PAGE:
LEWISTON — The city will begin regular code inspections of apartments rented to General Assistance clients.

The move comes after repeated concerns from a downtown landlord led officials to review the policy.

Jay Allen, a Lewiston landlord, has called the city’s lack of inspections of the units “incredibly wrong,” and said it was hypocritical of the city to advocate for housing safety issues while not inspecting General Assistance units. 

“You’re putting people in harm’s way and paying for it,” Allen told the City Council on Sept. 4. 

Through the General Assistance program, the city pays a set amount per month to participating landlords for the housing of a qualified General Assistance client. Until now, the city has not routinely inspected units that are rented through General Assistance, and has only inspected a unit if the city receives a complaint.

City officials decided Tuesday to begin inspecting units within a five-day period from when a new tenant moves in. City Administrator Ed Barrett said it would likely take some time to catch up on inspections, but as new clients come in, it would eventually ensure that units had been inspected within the past year.

The City Council approved the change Tuesday, even as Barrett said some landlords have told him they might stop accepting General Assistance tenants if the rules were changed.

“It’s a step in the right direction, obviously,” Councilor Jim Lysen said. “If landlords don’t want to rent with these simple restrictions, there’s others who will.”

Barrett said there are between 250 and 350 units rented each month through the city program. 

Allen said the city should “call the bluff” of any landlord who says he or she will stop accepting General Assistance. He said while the monthly rents paid through the program are low, some landlords do not want to pay to bring properties up to code. 

Allen has also been at the center of the argument over a proposal to establish a rental registration program in Lewiston, which would charge an annual fee to landlords to pay for increased code inspections.

He left a committee responsible for studying the issue after its first meeting, after he almost came to blows with landlord Joe Dunn. 

Allen said Tuesday he saw the General Assistance inspections issue “as a big liability issue for a city I’ve come to love. I’m glad to see we’re looking into it.”

Barrett said he would like the city to try the inspections for three to six months, and report back on how many inspections had been done and on the results of those inspections. 

According to his memo to the City Council, the rate of new clients entering the program has declined over the past year, and General Assistance now estimates it assists five to eight new clients per week who seek housing in Lewiston.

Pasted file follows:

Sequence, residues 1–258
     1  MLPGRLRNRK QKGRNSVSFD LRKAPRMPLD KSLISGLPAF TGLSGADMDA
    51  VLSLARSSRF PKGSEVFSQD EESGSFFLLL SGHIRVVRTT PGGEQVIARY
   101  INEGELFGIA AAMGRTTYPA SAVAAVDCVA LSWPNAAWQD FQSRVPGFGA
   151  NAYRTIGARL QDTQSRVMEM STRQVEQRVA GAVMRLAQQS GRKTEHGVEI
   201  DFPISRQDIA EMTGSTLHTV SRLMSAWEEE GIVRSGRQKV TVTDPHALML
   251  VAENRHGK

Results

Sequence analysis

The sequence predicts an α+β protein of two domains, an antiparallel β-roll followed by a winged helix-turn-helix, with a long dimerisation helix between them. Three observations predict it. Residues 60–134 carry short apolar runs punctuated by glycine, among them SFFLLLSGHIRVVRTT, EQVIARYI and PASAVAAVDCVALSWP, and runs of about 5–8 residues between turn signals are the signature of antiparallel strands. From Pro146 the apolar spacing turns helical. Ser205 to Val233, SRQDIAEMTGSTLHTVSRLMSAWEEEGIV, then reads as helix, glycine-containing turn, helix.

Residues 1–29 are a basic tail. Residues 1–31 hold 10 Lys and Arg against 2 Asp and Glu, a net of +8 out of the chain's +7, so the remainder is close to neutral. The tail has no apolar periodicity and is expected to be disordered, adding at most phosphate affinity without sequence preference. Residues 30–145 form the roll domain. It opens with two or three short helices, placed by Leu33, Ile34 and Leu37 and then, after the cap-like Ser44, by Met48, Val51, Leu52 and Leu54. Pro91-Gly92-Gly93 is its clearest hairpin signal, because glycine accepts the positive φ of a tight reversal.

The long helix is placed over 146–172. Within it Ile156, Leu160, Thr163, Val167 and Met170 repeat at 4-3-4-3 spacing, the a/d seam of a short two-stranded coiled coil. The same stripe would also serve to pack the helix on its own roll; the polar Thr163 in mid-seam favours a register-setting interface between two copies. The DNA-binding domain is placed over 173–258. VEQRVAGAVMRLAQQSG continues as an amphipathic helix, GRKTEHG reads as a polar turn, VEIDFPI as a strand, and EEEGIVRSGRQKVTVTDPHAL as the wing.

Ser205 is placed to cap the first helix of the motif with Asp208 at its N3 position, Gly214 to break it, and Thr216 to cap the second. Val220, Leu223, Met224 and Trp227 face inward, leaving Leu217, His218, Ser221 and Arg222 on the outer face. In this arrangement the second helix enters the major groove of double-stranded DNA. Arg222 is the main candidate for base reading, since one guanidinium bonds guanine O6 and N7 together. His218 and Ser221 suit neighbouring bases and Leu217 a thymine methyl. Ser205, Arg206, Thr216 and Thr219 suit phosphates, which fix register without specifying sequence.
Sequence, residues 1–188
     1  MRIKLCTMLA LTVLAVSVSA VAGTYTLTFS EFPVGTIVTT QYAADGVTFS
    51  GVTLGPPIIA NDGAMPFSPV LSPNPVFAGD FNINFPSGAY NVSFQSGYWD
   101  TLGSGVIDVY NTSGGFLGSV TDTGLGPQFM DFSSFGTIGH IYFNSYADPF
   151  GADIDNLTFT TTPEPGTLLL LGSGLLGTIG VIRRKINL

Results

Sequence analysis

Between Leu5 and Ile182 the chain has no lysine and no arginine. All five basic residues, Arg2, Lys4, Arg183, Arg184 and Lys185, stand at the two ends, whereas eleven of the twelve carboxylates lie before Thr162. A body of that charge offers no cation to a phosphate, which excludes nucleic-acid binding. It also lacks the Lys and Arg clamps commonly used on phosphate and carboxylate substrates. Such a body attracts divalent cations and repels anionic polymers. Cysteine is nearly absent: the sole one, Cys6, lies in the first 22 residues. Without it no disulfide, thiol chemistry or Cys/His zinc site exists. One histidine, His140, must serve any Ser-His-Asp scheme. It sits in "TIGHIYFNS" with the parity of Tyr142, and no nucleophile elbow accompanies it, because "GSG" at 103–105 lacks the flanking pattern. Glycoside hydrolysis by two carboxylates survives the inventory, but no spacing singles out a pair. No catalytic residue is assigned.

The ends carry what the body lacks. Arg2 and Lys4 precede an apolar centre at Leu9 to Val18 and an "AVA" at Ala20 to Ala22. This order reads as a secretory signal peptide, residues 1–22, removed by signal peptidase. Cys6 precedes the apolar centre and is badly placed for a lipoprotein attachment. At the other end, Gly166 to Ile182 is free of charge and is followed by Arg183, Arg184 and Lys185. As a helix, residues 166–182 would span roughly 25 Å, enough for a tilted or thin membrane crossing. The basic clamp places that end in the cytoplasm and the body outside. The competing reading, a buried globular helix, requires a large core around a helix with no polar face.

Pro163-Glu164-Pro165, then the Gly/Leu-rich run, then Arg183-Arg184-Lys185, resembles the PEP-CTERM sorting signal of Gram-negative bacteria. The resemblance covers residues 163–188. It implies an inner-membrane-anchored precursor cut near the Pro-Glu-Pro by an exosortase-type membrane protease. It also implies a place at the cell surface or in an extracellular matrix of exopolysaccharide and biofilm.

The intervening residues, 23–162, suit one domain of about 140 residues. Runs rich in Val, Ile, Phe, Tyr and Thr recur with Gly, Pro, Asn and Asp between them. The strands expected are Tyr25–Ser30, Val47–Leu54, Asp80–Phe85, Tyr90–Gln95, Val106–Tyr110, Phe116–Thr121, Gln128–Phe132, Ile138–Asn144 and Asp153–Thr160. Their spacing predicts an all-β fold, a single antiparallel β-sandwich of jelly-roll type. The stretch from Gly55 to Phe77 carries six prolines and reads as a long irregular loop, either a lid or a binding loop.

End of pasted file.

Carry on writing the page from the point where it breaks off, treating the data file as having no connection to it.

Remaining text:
“David Hediger, Director of Planning and Code, believes that inspecting this number of properties each week is achievable if the standard is to have the inspection completed within five working days of a client informing us that they have found an apartment,” the memo read.

In a related matter, the City Council unanimously approved changes to the General Assistance rules that give more flexibility to those renting units. 

The new language will provide distinctions between minor and life-threatening code issues, which would allow General Assistance payments to be used for a unit with a minor code violation. If a violation is considered serious or life-threatening, the city would not continue paying rent for the property.

“It seems like a best-of-both-worlds scenario,” said Kristen Cloutier, presidents of the City Council. “It gives some flexibility, but makes sure we’re inspecting buildings that may have problems we don’t know about.” 

Barrett said the General Assistance department has had “limited access to information on buildings with violations,” but that the department has been working with Code Enforcement more closely. 

In his memo, Barrett said the city is in the process of improving the information available to the General Assistance department on buildings with outstanding violations, which will allow General Assistance to check the status of buildings to see if there are known problems.

Currently, there is no uniform system for inspecting rental properties in Lewiston to determine code compliance.

“As a result,” Barrett said, “clients can be and are living in properties that have not been recently inspected.”

 The rental registration committee is studying ways to create a uniform system for all departments to access up-to-date code information. 

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